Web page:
by Liberty Stembridge, Relationships Columnist
Published in Relationships on 17th December, 2018
ADHD can be tough to manage, especially when you're dealing with pressures such as family commitments and employment. Oftentimes people with ADHD worry about getting into relationships, either because they fear that they will mess it up, or because of past relationships that have been affected by symptoms of ADHD.
It's common to worry that ADHD will "put people off" or somehow present you in a negative light. These are normal worries, but they don't have to be. It's perfectly possible to create healthy relationships with ADHD.
Whether you're in a completely new relationship or you've been married for years, it's always beneficial to evaluate how well you and your partner are working to manage any negative symptoms from ADHD.
If you've only recently been diagnosed, you may be completely new to treating ADHD symptoms, and this can be overwhelming, but try to see it as a chance for both yourself and your partner to learn.
It's key that both of you are on the same page and involved in managing your symptoms. If your partner is left out, it can leave them feeling confused and rejected, and possibly misunderstanding the situation. Involving your partner means that they can have a better understanding of what's going on with you, and can help you when you're struggling.
Contrary to popular belief, most relationships take work. Some things don't come naturally to all of us such as good listening skills, supportive language, good communication, and conflict resolution. In particular, people with ADHD who are in a relationship may struggle to pay attention to their partner or communicate their needs fully, which may result in the other person feeling ignored or unclear on what's going on.
Nearly every single couple will at some point find that they are lacking in some way and need to work on certain skills, so the fact that ADHD might be causing problems within your relationship is nothing to be ashamed of. The key is to focus on developing and strengthening the areas where you are lacking, whatever they may be.
If you're struggling with that, seeking the help of a counselor can go a long way towards making sure that you are both on the same page and know what to work on. Chances are your partner has just as much to work on as you do.
Focusing on what divides you will only serve to create distance and resentment within a relationship. Reframing your differences as strengths, however, can help you to create a more positive and healthy relationship you can both thrive in.
Every character trait has a flip side to it. Someone who is flighty and inattentive is probably also fun and spontaneous. Every time you get down about a certain characteristic in your partner, try to flip it and remind yourself how it contributes to what you love about them.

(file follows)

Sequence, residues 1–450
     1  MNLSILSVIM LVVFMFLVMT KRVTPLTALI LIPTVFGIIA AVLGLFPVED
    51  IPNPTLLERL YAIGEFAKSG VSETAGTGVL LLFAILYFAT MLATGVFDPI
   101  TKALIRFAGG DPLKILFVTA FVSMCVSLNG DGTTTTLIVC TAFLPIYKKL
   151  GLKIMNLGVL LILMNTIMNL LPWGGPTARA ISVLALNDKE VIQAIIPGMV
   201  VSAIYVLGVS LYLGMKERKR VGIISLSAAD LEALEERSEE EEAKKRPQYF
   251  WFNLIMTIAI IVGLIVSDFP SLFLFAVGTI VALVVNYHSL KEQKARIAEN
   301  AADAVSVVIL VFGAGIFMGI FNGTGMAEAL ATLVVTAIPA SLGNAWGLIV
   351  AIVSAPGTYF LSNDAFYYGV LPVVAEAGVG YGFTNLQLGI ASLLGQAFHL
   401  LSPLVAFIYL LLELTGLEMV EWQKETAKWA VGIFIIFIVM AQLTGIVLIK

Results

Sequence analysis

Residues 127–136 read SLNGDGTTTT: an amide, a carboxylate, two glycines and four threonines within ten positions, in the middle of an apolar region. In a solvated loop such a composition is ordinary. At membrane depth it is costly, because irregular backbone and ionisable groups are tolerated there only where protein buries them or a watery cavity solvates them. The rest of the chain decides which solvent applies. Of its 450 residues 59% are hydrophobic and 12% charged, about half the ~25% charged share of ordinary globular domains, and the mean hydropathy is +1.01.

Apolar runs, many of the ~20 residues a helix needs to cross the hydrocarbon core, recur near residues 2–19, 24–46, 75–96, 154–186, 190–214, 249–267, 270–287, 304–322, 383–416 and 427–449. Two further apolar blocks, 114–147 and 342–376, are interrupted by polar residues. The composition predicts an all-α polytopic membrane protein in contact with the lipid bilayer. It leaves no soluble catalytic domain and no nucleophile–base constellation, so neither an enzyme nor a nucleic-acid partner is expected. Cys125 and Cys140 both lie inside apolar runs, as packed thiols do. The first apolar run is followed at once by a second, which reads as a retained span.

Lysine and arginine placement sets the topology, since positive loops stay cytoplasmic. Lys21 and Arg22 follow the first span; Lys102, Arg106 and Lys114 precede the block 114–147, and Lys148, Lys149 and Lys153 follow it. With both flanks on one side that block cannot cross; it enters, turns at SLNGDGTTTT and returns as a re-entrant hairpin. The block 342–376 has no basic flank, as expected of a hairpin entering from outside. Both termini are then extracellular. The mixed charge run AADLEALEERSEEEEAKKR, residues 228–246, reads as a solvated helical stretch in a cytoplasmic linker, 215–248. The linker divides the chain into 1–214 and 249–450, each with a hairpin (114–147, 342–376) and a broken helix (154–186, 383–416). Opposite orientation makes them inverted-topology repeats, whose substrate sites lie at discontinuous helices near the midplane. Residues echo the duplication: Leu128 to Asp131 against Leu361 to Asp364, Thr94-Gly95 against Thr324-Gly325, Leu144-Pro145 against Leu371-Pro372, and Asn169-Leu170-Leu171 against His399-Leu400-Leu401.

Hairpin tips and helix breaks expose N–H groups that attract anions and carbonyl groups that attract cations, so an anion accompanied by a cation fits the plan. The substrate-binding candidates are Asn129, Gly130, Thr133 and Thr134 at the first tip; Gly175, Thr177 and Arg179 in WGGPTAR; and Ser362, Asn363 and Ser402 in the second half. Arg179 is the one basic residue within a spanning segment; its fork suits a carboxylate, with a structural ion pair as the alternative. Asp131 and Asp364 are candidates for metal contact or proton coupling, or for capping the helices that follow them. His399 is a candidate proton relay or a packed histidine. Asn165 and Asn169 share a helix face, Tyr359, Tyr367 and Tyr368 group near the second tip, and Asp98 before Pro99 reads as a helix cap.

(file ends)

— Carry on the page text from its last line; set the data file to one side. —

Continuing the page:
Communication is a crucial element of any good relationship, but it can easily break down especially when one or both partners have ADHD. Without communication, a behaviour that is common but ultimately harmless such as forgetting important dates or showing up late for dinner can easily turn into a larger issue than it really is such as the other partner feeling unappreciated.
Couples where only one person has ADHD often fall into the trap of one partner being the "responsible one" while the other is not. This leaves the person with ADHD feeling infantilized, while their partner is left feeling resentful from the weight of responsibility.
They may start to become overcontrolling or easily irritable, while the ADHD partner is left feeling demoralized. None of this bodes well for any relationship and will often lead to one or both partners feeling unhappy.
Good communication takes work, especially if it isn't something that comes naturally to you. By making sure you're both on the same page and committed to improving your communication, you automatically get off to a good start. There are many resources online that can help you to develop better communication, or look to an older wiser role model such as a parent or sibling and ask them for advice (provided they are good at communicating with their partner).
We all want our marriages and relationships to last if we're serious about them. Many couples avoid seeking professional help when they're struggling, seeing it as a sign of defeat or acknowledgment of failure. In fact, it is the opposite.
Seeking help is a proactive step to help you deal with any problems that arise and prepare for potential future conflict. Although not always essential, couples therapy can help you to get a better understanding of each other and how to best work with and support one another.
Self-care is important in all aspects of your life, especially your relationships. How are you supposed to help and support another person if you can't help and support yourself? Self-care isn't just for when you're sick, it should be a daily practice of looking after yourself to make sure that you can live your best life and keep your relationships healthy.
Partners with ADHD are often susceptible to forgetting key self-care practices, which is why it's all the more important to incorporate them into your life.
Of course, self-care looks different for everyone and depends on your personal preferences and situation, however, there are a few self-care tips that you may find useful, especially if one or more of you have ADHD. Exercise, for example, is an especially important part of many people's self-care routines, as it de-stresses, and can help to mitigate some of the frantic energy that ADHD can cause.
Many couples also find that meditating together can be an incredibly beneficial experience, helping to reduce stress, manage ADHD and create a stronger relationship.